Thursday, December 2, 2010

Life Really is Too Short to Live in Dallas

My occupation is an odd combination of intellectual dexterity, emotional intelligence, and reasonable taste. It was in the latter vein that I was dispatched to find gifts for an internal meeting next year of senior management from all over the United States and Latin America. 

I don't really mind doing these things, as it's a break from my desk and the hundreds of emails that flood towards me all day and night, an aspect of working for a global organization that it took me a long while to manage.  ("Just turn it off when you go to sleep," offered a partner in my early days.  So much for that.  When I wake at three-thirty for my regular worry session, I can't help but scan the Blackberry for urgent messages.  And even if I slumber through the night, an increasingly rare thing, I look at the damn thing before I even get out of bed.)  

At any rate, when I got marching orders to look at Texas-themed gifts, I went to what I consider the real thing:  Fort Worth. When I moved here over a decade ago, I heard again and again that the FW of DFW was a completely different animal than the Big D.  At Railhead, a Fort Worth barbeque place owned by a local who is also a state congressman, the shirts read, "Life is too short to live in Dallas."  The lore I learned early on included the story, perhaps apocryphal though it feels true, that Amon Carter, the millionaire who started Fort Worth's Star-Telegram newspaper and who founded the first television station in the area, is said to have packed a lunch before visiting Dallas rather than spending his money there. 

I didn't know or care a thing about Dallas until three years ago, when I started commuting in that direction.  I've tried to be open-minded, as an aspiring urban soul who lived in Toronto for seven years. To be sure, there are some great places to shop and a few tightly-wound restaurants.  I've worked with people who live there and gotten to even like a few, but I always feel like a tourist. Additionally, I've experienced quite sincere pity from my Cowtown friends.  They don't understand my protests about "world class" and "global."  Why can't I just stay home and make a ten-minute commute?  Surely there is something I can do. Well, I have two kids and my opportunities lie outside the Gateway to the West.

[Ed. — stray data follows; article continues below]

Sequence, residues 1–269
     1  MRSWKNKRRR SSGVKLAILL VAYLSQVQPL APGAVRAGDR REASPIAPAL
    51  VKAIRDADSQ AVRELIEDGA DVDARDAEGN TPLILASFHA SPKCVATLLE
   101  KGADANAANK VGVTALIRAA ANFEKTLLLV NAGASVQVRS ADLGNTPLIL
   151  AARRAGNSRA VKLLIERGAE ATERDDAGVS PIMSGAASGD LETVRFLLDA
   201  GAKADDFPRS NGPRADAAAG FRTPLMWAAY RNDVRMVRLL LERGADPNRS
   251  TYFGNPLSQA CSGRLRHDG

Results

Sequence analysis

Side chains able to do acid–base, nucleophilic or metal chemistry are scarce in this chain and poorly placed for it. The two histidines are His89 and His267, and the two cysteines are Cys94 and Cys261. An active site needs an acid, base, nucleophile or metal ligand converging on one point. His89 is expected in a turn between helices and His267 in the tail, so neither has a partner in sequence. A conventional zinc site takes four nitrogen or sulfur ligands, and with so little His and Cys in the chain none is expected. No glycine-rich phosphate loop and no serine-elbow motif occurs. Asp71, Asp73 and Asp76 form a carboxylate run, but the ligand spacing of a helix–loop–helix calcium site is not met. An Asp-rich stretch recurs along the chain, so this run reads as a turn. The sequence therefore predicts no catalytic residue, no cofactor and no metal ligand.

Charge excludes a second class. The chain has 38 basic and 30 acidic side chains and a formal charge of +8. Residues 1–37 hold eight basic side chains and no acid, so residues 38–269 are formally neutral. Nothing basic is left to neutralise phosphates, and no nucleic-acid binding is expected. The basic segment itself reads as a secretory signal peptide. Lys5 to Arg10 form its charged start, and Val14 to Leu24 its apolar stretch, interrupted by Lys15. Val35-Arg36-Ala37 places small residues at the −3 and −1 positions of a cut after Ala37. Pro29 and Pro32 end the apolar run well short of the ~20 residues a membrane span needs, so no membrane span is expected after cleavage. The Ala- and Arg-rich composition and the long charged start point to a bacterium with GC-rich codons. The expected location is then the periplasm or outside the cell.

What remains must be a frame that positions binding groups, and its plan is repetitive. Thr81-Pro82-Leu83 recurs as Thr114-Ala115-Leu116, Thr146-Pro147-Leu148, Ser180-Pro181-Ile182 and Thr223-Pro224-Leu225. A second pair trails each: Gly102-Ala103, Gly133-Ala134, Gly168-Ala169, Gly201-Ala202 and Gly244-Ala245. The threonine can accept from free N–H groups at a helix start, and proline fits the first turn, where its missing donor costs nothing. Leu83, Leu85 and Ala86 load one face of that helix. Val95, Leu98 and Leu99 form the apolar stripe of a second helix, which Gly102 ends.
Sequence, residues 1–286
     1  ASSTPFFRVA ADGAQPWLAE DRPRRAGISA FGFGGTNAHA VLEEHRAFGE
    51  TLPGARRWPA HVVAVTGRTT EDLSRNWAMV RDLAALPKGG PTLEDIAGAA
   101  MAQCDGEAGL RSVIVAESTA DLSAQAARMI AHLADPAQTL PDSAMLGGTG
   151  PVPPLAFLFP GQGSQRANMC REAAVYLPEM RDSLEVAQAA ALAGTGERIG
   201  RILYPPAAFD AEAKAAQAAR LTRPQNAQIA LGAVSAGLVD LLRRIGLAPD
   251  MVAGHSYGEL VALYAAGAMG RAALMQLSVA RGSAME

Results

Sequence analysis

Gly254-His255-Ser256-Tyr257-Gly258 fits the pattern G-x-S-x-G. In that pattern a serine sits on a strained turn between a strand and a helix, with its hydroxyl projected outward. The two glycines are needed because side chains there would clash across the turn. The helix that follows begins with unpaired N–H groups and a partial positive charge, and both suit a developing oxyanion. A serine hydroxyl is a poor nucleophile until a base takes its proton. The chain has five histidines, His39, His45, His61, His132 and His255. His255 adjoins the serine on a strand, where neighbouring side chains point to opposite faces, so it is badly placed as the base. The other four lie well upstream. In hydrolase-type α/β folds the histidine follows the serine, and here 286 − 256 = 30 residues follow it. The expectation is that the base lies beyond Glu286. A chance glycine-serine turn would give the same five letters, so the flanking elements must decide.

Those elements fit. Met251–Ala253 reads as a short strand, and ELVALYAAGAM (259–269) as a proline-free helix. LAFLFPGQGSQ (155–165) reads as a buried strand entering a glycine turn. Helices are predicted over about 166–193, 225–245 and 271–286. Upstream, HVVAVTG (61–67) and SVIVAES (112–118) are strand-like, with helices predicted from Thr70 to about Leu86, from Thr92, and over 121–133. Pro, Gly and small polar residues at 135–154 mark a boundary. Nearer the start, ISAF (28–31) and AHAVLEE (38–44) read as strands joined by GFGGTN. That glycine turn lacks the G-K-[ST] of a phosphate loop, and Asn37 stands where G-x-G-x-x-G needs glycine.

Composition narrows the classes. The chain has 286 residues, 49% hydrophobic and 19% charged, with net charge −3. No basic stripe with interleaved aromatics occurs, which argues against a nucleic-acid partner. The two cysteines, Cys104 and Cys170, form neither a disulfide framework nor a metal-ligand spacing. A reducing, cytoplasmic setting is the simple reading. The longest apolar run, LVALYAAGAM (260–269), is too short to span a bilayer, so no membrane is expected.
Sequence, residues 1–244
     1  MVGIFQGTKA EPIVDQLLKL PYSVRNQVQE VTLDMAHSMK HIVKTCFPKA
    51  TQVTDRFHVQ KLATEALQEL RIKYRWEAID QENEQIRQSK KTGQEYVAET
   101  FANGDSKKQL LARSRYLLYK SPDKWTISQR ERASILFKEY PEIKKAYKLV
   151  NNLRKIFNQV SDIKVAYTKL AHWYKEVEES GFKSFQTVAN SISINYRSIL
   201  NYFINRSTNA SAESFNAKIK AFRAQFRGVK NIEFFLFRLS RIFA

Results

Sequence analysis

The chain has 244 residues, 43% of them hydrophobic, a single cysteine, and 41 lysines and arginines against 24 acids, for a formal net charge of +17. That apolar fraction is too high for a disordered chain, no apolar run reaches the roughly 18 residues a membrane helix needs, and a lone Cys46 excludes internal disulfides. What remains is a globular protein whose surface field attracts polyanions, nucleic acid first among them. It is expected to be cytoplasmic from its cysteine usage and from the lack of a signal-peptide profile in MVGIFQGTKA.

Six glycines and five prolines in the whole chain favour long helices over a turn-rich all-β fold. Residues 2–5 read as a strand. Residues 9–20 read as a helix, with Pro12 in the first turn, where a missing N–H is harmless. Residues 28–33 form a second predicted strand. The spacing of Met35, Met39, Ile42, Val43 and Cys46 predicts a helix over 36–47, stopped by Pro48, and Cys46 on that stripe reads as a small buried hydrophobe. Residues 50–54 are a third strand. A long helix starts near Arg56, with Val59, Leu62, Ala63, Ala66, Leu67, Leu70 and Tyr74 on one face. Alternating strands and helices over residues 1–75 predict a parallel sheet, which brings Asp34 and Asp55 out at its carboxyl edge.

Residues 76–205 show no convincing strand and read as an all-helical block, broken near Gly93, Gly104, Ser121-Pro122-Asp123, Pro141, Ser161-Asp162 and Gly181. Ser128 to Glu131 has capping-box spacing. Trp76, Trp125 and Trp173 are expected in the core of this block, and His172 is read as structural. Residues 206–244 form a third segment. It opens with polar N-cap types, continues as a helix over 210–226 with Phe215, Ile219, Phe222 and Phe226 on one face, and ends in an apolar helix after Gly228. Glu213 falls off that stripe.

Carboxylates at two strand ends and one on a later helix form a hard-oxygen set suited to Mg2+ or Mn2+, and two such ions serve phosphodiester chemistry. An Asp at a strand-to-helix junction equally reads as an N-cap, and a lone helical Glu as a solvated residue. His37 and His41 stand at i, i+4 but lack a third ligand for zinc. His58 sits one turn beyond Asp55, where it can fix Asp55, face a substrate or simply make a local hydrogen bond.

Nevertheless, my loyalty in tact, I went to a fabulous store in Sundance Square in downtown Fort Worth, and managed to find myself some pretty hot premium denim, and I coveted a pair of six hundred dollar boots.  For the work task, I found some beautiful cufflinks, a silver money clip, a proper buckle for a leather strap, and some coffee table books.  These, the Dallas partner (okay, he's actually from the Midwest, but he's been here as long as I have, so no excuses) pronounced "cowboy" and "hick."  I agreed with the first characterization, because I've met more than a few cowboys who are worth a lot more than a Dallas lawyer--they might have manure on their boots, but money spews forth from their granddaddies' acreage, and they are Real Texas Men, which as my readers know is irresistable to me--but took exception to the second. 

Several years ago, another Dallas lawyer explained his city to me: "Dallas is not like Fort Worth.  We are aspirational.  We want to be L.A."  He seemed, inexplicably, to believe this was a good thing.  As those in West Texas would say, Big hat, no cattle.

So I'll work in Dallas--because I don't have a granddaddy with an acreage and this is my gig and the deal that goes with it--but every weekday evening when I drive back across the Tarrant County line, I exhale.  I love my town and its contradictions: rich yet unpretentious, conservative but live and let live, sleepy yet full of a fair number of scandalous open secrets, a big city that acts like a small town. Fort Worth grows and has ever more to offer, but it never forgets where it came from. 

4 comments:

  1. Love, love, love this! So true. And I can guess who said what! When I came to Ft. Worth (my friends from Chicago live there), I had the BEST time. I want to come back. Can't wait.

    ReplyDelete
  2. Ah, Kathy, you know all too well who said it! Hope to see you here in Cowtown soon!

    ReplyDelete
  3. When I tell people I'm from Fort Worth, and they react with a wee bit of sympathy in their voices, I don't bother to address those perceptions. I figure the FW secret will get out soon enough, but until then I'm happy to let folks on the other side of the metroplex think we're backward hicks. Bless their hearts.

    ReplyDelete